Saturday 3 December 2016

Here's how Adele managed to make her most recent single 'Hello' such a stunning success

Published 06/11/2015 | 08:25

Adele in her new video for 'Hello'
Adele in her new video for 'Hello'

No matter your age, gender, race or religion, you’re no doubt aware of Adele’s recent musical comeback. The powerhouse singer’s first album in four years, 25, is scheduled to drop later this month, and its lead single Hello has broken all sorts of viewing and download records since its release in October.

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The artsy video was parsed from the second it landed for featuring — gasp — an obsolete flip-phone and some stunning close-ups of the elusive star.

Suddenly Adele-mania broke loose; perhaps mostly because it’s, quite frankly, a stunner of a song. Or perhaps we just missed the level of quality Adele brings to the charts — good old-fashioned warbling, great songwriting and a searing vulnerability in the vocal.

More likely though, is that this is all the result of one of the most subtle and clever promotional strategies we’ve seen in a long time.

From the 10-second Hello teaser that aired during The X Factor to Adele herself re-emerging in interviews with serious pop-culture magazines iD and Rolling Stone, this is a comeback very well played.

She shuns the spotlight when she hasn’t got something to promote and looks more like the woman on the street than your average pop star, but don’t for one second think that there’s any less of a PR machine behind the release of 25 than say, Rihanna’s upcoming LP. It’s just that Adele does it better.

First of all, people adore her. She seems to be just like one of us, a nice, regular girl plucked from obscurity to become a singing superstar thanks to her soulful voice and ability to write a stonking pop tune. She’s had her heart smashed in to pieces, and has the ability to translate that pain in to relatable music, easy to consume and digest, and that makes us feel something — rare, in these desensitised days.

She’s not overexposed; if anything, she comes across as something of a hermit, uninterested in the glam life of Hollywood and all of its trappings.

However, while her appeal is fundamentally based on her talent, the opposite of say, Kim Kardashian, it doesn’t mean she’s not incredibly careful about her image.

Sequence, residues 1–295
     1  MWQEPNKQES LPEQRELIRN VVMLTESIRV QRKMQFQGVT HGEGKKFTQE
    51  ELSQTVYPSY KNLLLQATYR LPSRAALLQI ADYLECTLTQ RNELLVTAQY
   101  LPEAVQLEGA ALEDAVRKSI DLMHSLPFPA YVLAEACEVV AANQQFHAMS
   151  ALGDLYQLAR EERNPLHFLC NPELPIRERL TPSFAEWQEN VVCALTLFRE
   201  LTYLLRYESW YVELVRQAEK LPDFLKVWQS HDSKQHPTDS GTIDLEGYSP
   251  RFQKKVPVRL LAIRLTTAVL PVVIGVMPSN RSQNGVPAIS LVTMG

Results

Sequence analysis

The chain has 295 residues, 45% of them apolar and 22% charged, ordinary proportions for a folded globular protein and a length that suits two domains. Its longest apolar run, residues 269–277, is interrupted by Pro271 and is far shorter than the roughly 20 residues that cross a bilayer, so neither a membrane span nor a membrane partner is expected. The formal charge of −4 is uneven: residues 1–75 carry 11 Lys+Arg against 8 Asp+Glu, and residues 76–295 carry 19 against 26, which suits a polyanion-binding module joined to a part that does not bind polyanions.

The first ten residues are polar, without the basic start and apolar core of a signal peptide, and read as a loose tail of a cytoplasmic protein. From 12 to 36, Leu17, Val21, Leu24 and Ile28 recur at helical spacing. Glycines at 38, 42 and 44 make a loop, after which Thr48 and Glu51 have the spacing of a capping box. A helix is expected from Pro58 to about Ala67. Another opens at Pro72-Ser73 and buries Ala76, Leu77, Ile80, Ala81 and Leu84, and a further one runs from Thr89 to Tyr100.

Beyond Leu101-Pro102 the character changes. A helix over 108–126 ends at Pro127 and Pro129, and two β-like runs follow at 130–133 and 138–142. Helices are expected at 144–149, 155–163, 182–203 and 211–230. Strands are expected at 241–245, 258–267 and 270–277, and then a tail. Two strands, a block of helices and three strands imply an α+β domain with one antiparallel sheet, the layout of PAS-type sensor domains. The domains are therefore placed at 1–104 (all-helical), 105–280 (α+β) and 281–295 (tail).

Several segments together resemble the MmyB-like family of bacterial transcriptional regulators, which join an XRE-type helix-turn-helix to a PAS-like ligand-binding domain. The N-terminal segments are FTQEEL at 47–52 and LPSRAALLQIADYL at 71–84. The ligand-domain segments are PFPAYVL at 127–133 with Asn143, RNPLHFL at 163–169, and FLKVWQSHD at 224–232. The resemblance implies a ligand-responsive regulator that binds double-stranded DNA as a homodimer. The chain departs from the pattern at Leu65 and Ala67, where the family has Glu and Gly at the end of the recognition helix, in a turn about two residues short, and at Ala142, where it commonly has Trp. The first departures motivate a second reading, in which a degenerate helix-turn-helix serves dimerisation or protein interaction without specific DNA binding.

For Kim, it’s all about being in our faces. For Adele, it’s about very carefully staying out of them, most of the time. And just because she’s not sample size, doesn’t mean she’s not beautiful — her striking face is perfect for the cover of magazines, and women covet her make-up just as much as they do Kim’s.

Indeed, Adele herself thinks it’s that Everywoman quality that endears her to people, and the fact that she’s not highly sexualised like every other woman in the celebrity landscape.

Some people are really surprised Adele's 'Hello' isn't a cover of Lionel Richie's 'Hello'  

Speaking to Rolling Stone, she said: “I’d rather not be the person that everyone gets pitted against. If they do decide to get their body out, I would rather not be that person because that’s just pitting a woman against another woman, and I don’t hold any more moral high ground than anyone else… but sometimes I’m curious to know if I would have been as successful if I wasn’t plus-size. I think I remind everyone of themselves. Not saying everyone is my size, but it’s relatable because I’m not perfect, and I think a lot of people are portrayed as perfect, unreachable and untouchable.”

Perhaps she has a point. After all, there are lots of great singers out there — what is it about this one that resonates so deeply? Is it that elusive x-factor, the very thing that’s sought every week on TV and never found? Or is it also that we see something of ourselves in her?

It’s difficult to say. I know when I hear that voice coming through the radio, it gives me chills — the hairs on the back of my neck stand up, and it doesn’t matter what she looks like or who she’s sleeping with; I want to hear more.

However, in terms of stardom and longevity, Adele’s image does lend itself to being taken more seriously than say, Taylor Swift or Katy Perry.

Both women also write solid pop tunes, and have metamorphosised along with their success.

But there’s something comforting about Adele’s refusal to reinvent herself, to comply; and something very charming about her desire to be largely left alone. Sure, her people know how to work that in to an effective publicity campaign. But without the raw material, the perfect comeback wouldn’t be so perfect.

Herald

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